“The Conservatives will provide some fiscal stimulus to counter the weakening of growth caused by Brexit but will not make the long-term investments in infrastructure and skills needed by the U.K.”
Tilford’s concerns about Brexit's impacts heightening poverty and wealth disparity in Britain are supported by an official report published in January, entitled “E.U. Exit Analysis – Cross Whitehall Briefing," which was leaked to BuzzFeed
The report concludes that every region and almost every sector will be negatively hit when Britain departs the E.U. The analysis concludes that the alleged "benefits" of leaving the E.U., such as deregulation across employment law, the environment and product standards, and trade deals with other non-E.U. countries, would “struggle to mitigate the losses from leaving the customs union and the single mark.”
So defamatory was the report, in regards to the U.K.’s economic outlook once it finally departs the E.U., that a source reportedly told BuzzFeed its conclusions weren't shared publicly “because it’s embarrassing.”
Ironically, many dissatisfied and "left behind" people voted to leave the E.U. because of the already well-established wealth divisions between certain regions, centralization of power and wealth in London, and engrained poverty and lack of opportunities in their own areas. Now, those same problems are likely to get a lot worse, and the average U.K. worker even poorer.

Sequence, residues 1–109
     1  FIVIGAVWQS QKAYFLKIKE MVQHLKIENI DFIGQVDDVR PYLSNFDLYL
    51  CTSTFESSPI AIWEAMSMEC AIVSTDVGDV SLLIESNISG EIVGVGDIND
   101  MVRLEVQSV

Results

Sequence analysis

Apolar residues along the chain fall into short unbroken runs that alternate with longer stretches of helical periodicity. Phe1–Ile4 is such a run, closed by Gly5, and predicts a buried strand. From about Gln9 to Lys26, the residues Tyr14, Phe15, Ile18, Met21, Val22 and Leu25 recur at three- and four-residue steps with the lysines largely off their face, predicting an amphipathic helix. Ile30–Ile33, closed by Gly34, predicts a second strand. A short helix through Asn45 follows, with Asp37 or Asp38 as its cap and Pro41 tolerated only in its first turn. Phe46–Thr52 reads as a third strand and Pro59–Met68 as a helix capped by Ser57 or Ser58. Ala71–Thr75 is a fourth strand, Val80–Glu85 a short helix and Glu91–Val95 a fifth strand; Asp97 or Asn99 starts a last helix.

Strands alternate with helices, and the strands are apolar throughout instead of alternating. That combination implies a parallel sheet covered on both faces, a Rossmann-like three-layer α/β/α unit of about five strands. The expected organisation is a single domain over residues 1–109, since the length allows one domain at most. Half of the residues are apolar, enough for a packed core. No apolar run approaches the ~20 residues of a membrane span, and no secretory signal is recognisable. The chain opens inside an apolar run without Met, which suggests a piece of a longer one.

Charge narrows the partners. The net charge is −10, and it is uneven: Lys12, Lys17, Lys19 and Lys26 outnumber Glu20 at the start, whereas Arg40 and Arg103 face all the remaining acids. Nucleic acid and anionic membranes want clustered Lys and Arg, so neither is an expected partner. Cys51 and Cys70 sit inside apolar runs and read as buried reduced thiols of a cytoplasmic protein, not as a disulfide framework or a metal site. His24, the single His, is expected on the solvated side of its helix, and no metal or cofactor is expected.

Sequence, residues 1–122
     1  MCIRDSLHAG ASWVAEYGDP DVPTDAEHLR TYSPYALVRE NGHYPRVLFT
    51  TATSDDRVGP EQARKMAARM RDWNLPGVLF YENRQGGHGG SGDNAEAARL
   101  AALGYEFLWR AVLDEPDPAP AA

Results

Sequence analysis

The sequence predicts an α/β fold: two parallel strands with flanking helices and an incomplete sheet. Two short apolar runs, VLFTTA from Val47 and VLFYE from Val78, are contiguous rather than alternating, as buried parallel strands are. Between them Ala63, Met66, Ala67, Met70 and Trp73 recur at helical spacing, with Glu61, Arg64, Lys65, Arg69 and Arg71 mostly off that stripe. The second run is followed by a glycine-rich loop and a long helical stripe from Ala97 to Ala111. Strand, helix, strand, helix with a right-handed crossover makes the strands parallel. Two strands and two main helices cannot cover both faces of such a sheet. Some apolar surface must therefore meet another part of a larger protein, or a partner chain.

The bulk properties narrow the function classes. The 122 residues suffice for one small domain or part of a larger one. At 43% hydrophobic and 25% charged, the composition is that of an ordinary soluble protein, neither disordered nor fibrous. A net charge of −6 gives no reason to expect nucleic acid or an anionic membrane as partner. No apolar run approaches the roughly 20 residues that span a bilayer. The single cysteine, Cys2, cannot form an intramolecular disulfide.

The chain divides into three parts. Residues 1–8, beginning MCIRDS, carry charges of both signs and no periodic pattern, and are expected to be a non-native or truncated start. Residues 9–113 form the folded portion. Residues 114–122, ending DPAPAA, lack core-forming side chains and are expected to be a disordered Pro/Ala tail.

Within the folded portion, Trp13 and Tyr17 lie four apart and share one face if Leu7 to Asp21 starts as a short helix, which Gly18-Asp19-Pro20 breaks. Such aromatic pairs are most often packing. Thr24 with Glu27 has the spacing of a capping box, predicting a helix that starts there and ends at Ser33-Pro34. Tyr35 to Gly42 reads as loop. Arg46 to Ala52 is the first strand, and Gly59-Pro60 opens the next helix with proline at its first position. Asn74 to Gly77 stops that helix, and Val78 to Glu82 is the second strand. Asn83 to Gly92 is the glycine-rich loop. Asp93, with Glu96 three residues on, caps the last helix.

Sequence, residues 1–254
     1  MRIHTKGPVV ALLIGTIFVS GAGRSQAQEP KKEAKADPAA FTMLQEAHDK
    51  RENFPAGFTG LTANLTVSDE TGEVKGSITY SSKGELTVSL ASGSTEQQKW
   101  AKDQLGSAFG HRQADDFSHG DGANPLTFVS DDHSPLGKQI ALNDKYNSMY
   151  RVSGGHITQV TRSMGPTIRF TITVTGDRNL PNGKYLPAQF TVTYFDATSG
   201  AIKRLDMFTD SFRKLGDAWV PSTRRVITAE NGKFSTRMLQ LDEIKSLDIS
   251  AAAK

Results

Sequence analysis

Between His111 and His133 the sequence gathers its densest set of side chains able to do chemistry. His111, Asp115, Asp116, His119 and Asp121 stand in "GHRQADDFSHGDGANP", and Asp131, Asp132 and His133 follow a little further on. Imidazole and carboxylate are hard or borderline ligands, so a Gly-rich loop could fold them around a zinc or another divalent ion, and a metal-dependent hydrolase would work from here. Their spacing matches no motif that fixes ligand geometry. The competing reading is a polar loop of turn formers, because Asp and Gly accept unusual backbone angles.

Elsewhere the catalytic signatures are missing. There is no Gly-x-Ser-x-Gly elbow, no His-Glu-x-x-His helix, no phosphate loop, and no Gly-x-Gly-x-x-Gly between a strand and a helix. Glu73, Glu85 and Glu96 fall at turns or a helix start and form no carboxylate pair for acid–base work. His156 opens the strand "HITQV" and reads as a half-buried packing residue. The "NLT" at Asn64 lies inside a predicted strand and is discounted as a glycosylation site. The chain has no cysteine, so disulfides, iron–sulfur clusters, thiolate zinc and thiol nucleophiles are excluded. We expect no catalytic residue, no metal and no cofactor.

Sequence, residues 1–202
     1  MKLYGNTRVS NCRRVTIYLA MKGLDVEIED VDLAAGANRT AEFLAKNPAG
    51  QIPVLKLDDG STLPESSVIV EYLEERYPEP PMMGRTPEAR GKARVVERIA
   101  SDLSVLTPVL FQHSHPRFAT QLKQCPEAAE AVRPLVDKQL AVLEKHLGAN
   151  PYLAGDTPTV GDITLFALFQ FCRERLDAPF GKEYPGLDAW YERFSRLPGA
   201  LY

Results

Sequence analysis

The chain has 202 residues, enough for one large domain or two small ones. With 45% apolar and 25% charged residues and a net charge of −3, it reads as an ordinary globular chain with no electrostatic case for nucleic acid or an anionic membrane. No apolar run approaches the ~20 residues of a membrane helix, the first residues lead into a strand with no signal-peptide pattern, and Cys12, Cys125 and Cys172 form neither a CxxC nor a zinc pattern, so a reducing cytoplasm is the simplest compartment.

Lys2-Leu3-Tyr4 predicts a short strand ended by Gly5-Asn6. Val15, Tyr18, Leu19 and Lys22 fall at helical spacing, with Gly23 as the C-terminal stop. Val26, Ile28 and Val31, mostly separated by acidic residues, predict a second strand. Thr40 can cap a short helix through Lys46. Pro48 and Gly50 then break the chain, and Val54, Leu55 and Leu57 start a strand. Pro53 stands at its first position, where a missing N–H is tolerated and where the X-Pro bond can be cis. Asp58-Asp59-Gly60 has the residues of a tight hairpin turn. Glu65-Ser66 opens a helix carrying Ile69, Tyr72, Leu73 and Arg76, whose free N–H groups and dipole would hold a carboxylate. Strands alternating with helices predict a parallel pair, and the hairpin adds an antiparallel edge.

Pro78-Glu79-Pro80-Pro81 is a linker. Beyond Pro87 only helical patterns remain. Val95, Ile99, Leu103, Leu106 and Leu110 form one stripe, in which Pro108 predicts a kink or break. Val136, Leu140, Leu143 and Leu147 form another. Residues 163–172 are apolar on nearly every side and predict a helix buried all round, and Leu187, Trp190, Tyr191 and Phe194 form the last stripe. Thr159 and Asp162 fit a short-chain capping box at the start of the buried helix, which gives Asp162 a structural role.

Simon Roach is a sales assistant from Stoke on Trent, an economically deprived city in the Midlands that is hailed as Britain’s "Brexit heartland," with 69 percent of voters opting to Leave. Roach told Occupy.com: “I voted to leave the E.U. because I believed it would make our economy better off and here in Stoke, we definitely need the extra coffers.”
Now Roach is changing his tune. “I’m not impressed with the Brexit negotiations to date," he said. "Cities like Stoke seem to be getting poorer and reports that show Britain is home to nine out of 10 of the poorest regions in Northern Europe don’t hold me with confidence we’re going to be given the money we need any time soon.”
Dissatisfied with the U.K.’s economic forecast, Illona Mitchell moved to the Granada region of Spain from Chester in the North West of England in 2004 in search of a better quality of life. “The prices in the U.K. when we left were rising and every year the money we earned was buying us less and less. With the exchange rate at the time much more favorable, holidays to Spain were so cheap. When we got here, houses, house tax, car tax, fuel and food were all so much cheaper, so with more money in our pocket, our quality of life improved,” Mitchell told Occupy.com.
Now, with the cost of living rising in the U.K., leaving many in poverty and the value of the pound plummeting in the wake of Brexit, holidays to Spain and elsewhere look less tenable for many, and Mitchell said she has no regrets about her relocation to the continent.